A great way to connect with job seekers and hiring professionals alike, a job fair can be a convenient and effective tool in obtaining the very position you want.
On a broader scale, you can use a job fair to help you on many job-adjacent points: honing in on the field you’d like to pursue, expanding your network, and identifying tools to help your search.
On the other hand, the prospect of attending a job fair and finding your way through the crowds of fellow job seekers can be daunting. To avoid wasting your time and feeling let down after attending such a fair, try the following tips to prepare.
Know Before You Go
Be sure to research the fair you will be attending. All should have informational websites with details on what businesses and/or hiring professionals will be in attendance. In most cases, a map of the event space and tables will be available. Think about which companies you want to learn more about and plan your agenda for the day.
As with a job interview, you should be fully prepared to answer questions about the companies in which your interested. Asking “So, what do you guys do?” does not exactly convey your readiness.
Prepare for your job fair outing as you would prepare for an interview. You’ll need copies of your resume, professional attire, and a firm handshake. Bring business cards, if you have them. Make sure your resume is scannable and easy to follow.
This may not be the right time for a graphically stunning or quirky resume, and your cover letter is completely moot here. In the case of Job Fairs, your cover letter is verbal. When you are asked “Tell me about yourself”, you should have a quick “commercial” script (or “elevator pitch”) about yourself ready to go.
A job fair is a big room and often a days-long affair. In many cases, reps have been traveling to different job fairs, and can be burnt out by the middle of the day. Take this opportunity to stay fresh in their minds as one of the very first seekers they met with that day.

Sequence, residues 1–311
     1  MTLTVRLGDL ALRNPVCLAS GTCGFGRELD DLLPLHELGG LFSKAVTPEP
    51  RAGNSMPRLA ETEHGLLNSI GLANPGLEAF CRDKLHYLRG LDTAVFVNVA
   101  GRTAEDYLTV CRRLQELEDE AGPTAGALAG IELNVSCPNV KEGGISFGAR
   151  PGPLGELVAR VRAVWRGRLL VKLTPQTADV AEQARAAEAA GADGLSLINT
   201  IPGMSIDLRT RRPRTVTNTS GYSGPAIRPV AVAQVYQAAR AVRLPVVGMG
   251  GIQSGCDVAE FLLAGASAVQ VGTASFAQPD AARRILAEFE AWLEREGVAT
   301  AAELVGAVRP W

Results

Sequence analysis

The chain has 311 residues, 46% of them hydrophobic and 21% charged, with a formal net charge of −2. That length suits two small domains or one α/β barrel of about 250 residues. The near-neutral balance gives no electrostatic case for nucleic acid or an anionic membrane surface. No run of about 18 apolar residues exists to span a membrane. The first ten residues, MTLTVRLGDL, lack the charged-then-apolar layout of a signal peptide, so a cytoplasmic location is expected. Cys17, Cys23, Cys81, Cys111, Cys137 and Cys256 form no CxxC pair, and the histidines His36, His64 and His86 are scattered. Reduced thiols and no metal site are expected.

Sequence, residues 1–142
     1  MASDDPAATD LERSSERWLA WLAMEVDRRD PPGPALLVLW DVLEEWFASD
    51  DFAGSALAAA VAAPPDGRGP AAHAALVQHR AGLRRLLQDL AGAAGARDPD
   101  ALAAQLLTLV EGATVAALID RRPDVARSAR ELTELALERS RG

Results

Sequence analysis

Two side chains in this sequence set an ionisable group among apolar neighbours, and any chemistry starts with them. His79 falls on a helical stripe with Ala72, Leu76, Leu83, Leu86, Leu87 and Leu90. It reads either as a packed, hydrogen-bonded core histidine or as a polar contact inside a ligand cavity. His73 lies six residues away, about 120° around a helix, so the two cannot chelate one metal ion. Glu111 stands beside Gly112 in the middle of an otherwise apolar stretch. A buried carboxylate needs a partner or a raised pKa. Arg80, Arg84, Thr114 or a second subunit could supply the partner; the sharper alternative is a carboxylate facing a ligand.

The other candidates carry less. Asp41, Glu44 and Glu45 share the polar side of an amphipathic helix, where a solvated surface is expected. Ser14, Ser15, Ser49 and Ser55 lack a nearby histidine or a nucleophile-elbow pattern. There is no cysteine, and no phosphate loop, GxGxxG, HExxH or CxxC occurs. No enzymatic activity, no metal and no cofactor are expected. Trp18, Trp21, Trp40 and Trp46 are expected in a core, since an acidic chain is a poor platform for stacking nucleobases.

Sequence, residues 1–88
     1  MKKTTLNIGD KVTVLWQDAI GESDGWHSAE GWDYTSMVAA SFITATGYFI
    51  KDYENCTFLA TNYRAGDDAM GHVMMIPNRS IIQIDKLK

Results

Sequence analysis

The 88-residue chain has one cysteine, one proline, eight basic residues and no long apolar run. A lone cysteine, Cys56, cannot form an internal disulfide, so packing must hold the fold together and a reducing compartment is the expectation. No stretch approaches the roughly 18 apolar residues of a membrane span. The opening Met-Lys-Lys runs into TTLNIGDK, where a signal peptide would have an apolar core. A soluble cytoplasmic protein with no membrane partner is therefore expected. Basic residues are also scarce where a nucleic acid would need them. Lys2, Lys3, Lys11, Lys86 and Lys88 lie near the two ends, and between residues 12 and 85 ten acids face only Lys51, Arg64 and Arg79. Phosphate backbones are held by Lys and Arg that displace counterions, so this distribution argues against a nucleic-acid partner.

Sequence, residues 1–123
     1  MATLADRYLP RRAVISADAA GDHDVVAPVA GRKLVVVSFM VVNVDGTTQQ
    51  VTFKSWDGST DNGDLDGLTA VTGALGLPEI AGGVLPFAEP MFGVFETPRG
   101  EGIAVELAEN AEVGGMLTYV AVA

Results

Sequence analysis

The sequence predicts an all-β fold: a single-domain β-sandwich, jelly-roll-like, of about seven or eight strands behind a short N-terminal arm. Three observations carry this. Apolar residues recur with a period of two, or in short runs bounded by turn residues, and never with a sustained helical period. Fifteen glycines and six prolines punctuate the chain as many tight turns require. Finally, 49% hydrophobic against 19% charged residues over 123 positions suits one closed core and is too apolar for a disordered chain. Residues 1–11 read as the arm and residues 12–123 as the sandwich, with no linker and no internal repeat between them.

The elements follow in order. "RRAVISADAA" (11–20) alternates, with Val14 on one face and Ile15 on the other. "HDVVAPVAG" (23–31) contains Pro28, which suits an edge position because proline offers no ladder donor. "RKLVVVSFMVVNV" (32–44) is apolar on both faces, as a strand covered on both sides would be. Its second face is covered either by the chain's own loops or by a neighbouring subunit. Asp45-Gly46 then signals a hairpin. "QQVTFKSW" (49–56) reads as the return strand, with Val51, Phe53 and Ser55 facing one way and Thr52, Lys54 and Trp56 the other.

When first meeting with each rep, employ eye contact and a firm handshake. Representatives are there to meet with job seekers. Without being pushy, approach each meeting as if this is your exploratory interview. That is, gain information about the position, company or industry, and determine whether the career path offered is right for you.
Use your elevator pitch to make a strong impression on each new contact and try to learn more about the best way to follow up after the job fair.
Work The Room
As stated above, you’ve probably planned out your circuit around the fair, and are visiting those companies in which you are most interested. But don’t limit yourself.
Other job seekers will be in attendance (obviously) and can have some information for you as well. This is prime time for networking, and you shouldn’t write a fellow seeker off as “competition”, especially if they are more knowledgeable about, or higher up in, the career path you’ve chosen.
Notes and Thank Yous
A great trick at job fairs is to take short notes on the back of business cards. Jot down key conversation points or things mentioned which interest you on the card which corresponds. This will help you keep names and companies straight, as well as help you make key connections when following up.
After the fair, a thank you note is imperative. This gets you back in the mind of the rep or hiring manager. If you reiterate your interest, you could very conceivably land an interview.
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